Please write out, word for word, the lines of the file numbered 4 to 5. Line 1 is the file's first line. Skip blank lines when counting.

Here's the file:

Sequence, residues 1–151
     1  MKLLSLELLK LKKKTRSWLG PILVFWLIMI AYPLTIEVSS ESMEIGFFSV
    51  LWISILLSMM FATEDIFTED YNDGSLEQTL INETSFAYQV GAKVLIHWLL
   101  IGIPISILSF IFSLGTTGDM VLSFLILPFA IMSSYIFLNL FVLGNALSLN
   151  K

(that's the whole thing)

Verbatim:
   101  IGIPISILSF IFSLGTTGDM VLSFLILPFA IMSSYIFLNL FVLGNALSLN
   151  K